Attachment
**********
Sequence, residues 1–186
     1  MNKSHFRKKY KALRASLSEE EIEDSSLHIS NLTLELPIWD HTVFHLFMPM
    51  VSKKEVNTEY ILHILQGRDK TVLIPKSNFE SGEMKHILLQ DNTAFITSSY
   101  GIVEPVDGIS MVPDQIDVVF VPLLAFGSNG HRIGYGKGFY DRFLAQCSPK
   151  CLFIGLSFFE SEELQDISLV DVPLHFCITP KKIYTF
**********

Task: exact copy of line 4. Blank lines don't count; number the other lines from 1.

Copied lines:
   101  GIVEPVDGIS MVPDQIDVVF VPLLAFGSNG HRIGYGKGFY DRFLAQCSPK